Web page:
Don't believe us? Believe the Republicans boasting of their own record of failure!
“I ran on a government that did less,” said Representative Reid Ribble, Republican of Wisconsin. “I felt the government was overreaching, and the citizens that sent me didn’t want me to be overaggressive in writing new laws. The Affordable Care Act launch is actually demonstrating the ineptitude of the federal government in handling these big programs.”
The 113th Congress has passed all of 55 laws so far this year, seven fewer at this point than the 112th Congress — the least productive Congress ever. House and Senate negotiators will meet on Wednesday to try to come to terms on a farm bill, but they remain far apart, especially on food-stamp cuts that the House is demanding. The leaders of the House and Senate budget committees will also meet this week, and they appear to be closing in on a modest deal that would set spending levels for the next two years while relieving some of the pain from the across-the-board spending cuts known as sequestration. [...]
“Republicans are using their political attacks on the Affordable Care Act as cover to do nothing else,” said Representative Chris Van Hollen of Maryland, the senior Democrat on the House Budget Committee.
Comprehensive immigration reform (CIR)? Oh, no. They can't do that. It's too "big and complicated" for one bill (despite the fact that the Senate passed one in June).
Farm bill? Oh, no. They can't do that. They'd rather let American consumers suffer unnecessary higher food prices than let the working poor eat.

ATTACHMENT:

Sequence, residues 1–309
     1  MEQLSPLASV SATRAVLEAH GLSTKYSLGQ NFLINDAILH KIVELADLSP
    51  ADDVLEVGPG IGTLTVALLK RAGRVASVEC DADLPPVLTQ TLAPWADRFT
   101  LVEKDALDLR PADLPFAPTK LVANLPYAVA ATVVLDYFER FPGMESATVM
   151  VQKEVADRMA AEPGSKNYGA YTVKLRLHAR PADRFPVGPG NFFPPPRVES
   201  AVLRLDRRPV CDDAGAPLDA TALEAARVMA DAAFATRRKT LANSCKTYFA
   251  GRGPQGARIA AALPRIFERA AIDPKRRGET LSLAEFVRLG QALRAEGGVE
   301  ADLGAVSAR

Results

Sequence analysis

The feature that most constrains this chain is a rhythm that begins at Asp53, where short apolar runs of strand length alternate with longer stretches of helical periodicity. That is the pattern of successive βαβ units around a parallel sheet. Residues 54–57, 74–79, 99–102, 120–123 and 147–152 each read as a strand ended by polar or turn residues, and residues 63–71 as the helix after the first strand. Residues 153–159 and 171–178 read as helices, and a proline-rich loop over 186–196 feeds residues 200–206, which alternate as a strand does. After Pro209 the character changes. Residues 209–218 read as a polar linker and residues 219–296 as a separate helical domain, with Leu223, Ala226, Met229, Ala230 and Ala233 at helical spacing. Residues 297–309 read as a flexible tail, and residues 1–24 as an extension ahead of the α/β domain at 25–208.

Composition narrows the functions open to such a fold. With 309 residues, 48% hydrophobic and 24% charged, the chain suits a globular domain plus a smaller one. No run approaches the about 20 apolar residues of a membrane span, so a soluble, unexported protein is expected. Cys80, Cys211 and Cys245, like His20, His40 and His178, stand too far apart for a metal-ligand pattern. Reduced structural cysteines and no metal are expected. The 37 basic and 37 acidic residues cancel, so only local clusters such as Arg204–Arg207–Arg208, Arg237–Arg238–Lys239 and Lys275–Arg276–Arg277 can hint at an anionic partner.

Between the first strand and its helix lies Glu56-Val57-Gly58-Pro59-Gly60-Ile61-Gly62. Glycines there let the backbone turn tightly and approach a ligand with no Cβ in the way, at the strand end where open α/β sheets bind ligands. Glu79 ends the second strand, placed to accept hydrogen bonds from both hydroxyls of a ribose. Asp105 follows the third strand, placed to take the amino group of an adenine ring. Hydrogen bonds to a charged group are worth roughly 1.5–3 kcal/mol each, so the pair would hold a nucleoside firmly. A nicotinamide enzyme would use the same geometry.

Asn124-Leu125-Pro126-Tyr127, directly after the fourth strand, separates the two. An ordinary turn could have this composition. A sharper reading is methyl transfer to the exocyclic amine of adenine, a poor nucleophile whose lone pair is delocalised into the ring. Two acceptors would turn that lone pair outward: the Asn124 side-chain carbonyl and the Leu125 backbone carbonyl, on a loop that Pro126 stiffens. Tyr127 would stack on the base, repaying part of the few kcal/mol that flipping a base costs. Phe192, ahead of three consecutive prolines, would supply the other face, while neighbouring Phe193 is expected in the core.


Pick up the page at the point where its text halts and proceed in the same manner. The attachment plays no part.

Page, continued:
ENDA? Oh, no. They can't do that. They still refuse to accept that LGBTQ Americans exist, let alone contribute to the American Economy.
Ending the nonsensical austerity regime that's only served as a solution (or more accurately, a problem) looking for a problem? Oh... Maybe?! Capitol Hill is buzzing today over talk of a possible budget deal. While it still wouldn't completely end the austerity madness that's gripped Capitol Hill (and hurt the rest of the nation), it would ease the pain a little. And frankly, even this represents major progress for this Congress.
So is it possible that the 113th Congress can finally pass a longer term budget and drop the austerity laced crack pipe? Perhaps, but let's not get our hopes too high. After all, we're still talking about the 113th Congress, the Congress that's now on track to beat the record of "Least Productive Session of Congress Ever" (set by the 112th Congress last year). And as Salon's Joan Walsh reminds us, Congressional Republican "leaders" will face intense pressure from their 21st Century Know Nothing base to put up a(nother) fight rather than compromise over anything. They'd rather force America into a Shutdown S**tfest Sequel than admit defeat.
So this is what we're facing as 2013 comes to a close. Time and time again, Republican "leaders" have chosen cheap and crass political games over real governance. It's why major policy goals, such as CIR & ENDA, are about to be left unmet. And it's why we doubt this Congress can even "succeed" at such basic tasks as passing longer term budgets.
After all, some Republican politicians are now bragging about their vision of "government that does less". Why would they want to abandon that vision to allow for a government that actually functions properly?
So much for that old saying, "Less is more"...